“I looked at him, and I saw myself.”
In How to Train Your Dragon, if you can kill a dragon, you are a made man (or woman). HTTYD gives a look at the world of Berk, inhabited by vikings. Vikings usually are thought of as tough minded combatants, and they have to be here. Their little village is constantly raided and decimated by fire-breathing dragons.
A young teen by the name of Hiccup (voiced by Jay Baruchel) is the son of village leader and the quintessential Viking Stoick, who leads his people into battle. Hiccup desperately wants to take down and kill a dragon, but his father doesn’t believe him to be physically up to the task. But the youngster is very skilled in weapon crafting, and during a dragon raid one day he sneaks out and is successful in taking down a Night Fury, a breed of dragon that is supposedly the most rare and dangerous.
Having an opportunity to eliminate this beast, Hiccup cannot bring himself to do so. Improbably, he and the dragon, eventually known as Toothless, cultivate a strong friendship. Despite their odd alliance, there still is a war being fought, and Hiccup’s people will not take kindly to his newfound friend.
It may not be truly groundbreaking, but that does not change the fact that How to Train Your Dragon from being near the pinnacle of animated cinema. It starts with the story. As alluded to, it may not serve as the most original tale, but the journey is never boring and pretty entertaining. HTTYD does aim to hit emotional wavelengths more so than other similar films, and it succeeds without being too preachy or forceful. Themes such as masculinity, prejudice, and individualism, to name a few, are treated with delicate care. Lastly, the ending is stellar. No spoilers here, but it is simultaneously saddening and uplifting, and a great note to conclude upon.
The relationship between Hiccup and Toothless is obviously the core of the movie though, and it is why this simple story is so endearing. To see the unbreakable link transform over the course of 98 minutes is almost impossible not to like and care about. Hiccup is an OK character if a bit cookie-cutter, but Toothless steals the show without saying a word. His facial and body animations all on their own tell everything that needs to be known about any given situation.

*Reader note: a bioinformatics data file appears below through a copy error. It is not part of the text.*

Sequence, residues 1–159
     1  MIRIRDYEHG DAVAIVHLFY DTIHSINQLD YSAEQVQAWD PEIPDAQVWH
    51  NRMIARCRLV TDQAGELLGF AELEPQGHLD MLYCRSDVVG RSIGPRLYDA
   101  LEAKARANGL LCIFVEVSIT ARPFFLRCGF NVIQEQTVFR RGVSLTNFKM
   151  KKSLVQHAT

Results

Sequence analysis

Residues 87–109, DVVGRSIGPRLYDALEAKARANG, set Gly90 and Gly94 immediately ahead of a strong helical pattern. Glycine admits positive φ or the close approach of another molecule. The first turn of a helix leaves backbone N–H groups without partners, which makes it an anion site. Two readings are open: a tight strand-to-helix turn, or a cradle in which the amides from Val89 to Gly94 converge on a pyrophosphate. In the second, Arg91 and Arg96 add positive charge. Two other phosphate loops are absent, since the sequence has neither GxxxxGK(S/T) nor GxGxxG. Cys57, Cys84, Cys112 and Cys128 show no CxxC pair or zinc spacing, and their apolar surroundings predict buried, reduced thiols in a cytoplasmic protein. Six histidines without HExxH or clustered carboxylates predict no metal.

With all of that said, the real triumph happens to be the breathtaking visuals. Simply put, HTTYD is a technical marvel. Dreamworks has crafted a very lush and crisp world of Berk. I was not able to view this in 3D unfortunately. I find that it often is unnecessary, but after viewing for the first time, I did wish that I had seen it in eye-popping glory, or at least had the option to do so. Amazing cinematography that rivals the best of animated movies and non-animated ones. The effects were so convincing, it is easily forgotten that this is straight animation.
There are a few gripes, but they are mostly innocuous and perhaps more based on personal preference. The voices used for various characters are passable, but unnoteworthy. For some reason, Jay Baruchel’s as the voice of Hiccup came off as odd. It is not a huge issue, more like a minor annoyance. Eventually it just becomes accepted. Other featured voice work features America Ferrera, Gerald Butler, Craig Ferguson, and Jonah Hill. They bring enough life to their characters, just not to the point of being memorable. This may be more of a criticism that should be leveled to the characters themselves as opposed to how they sound. Aside from Toothless, Hiccup, and Hiccup’s love interest in Astrid, everyone else is somewhat underdeveloped, cliched, or both.
None of it mars the film in a large way though. How to Train Your Dragon is one of the better animated films in recent memory, possessing a good deal of emotional depth from a simplistic tale and dazzling technical proficiency to boot. Kids will eat it up, and so will most older children and adults.
Photo credits go to collider.com, fanpop.com, culturemob.com, and howtotrainyourdragon.wikia.com.
Feel free to follow @MovieManJackson.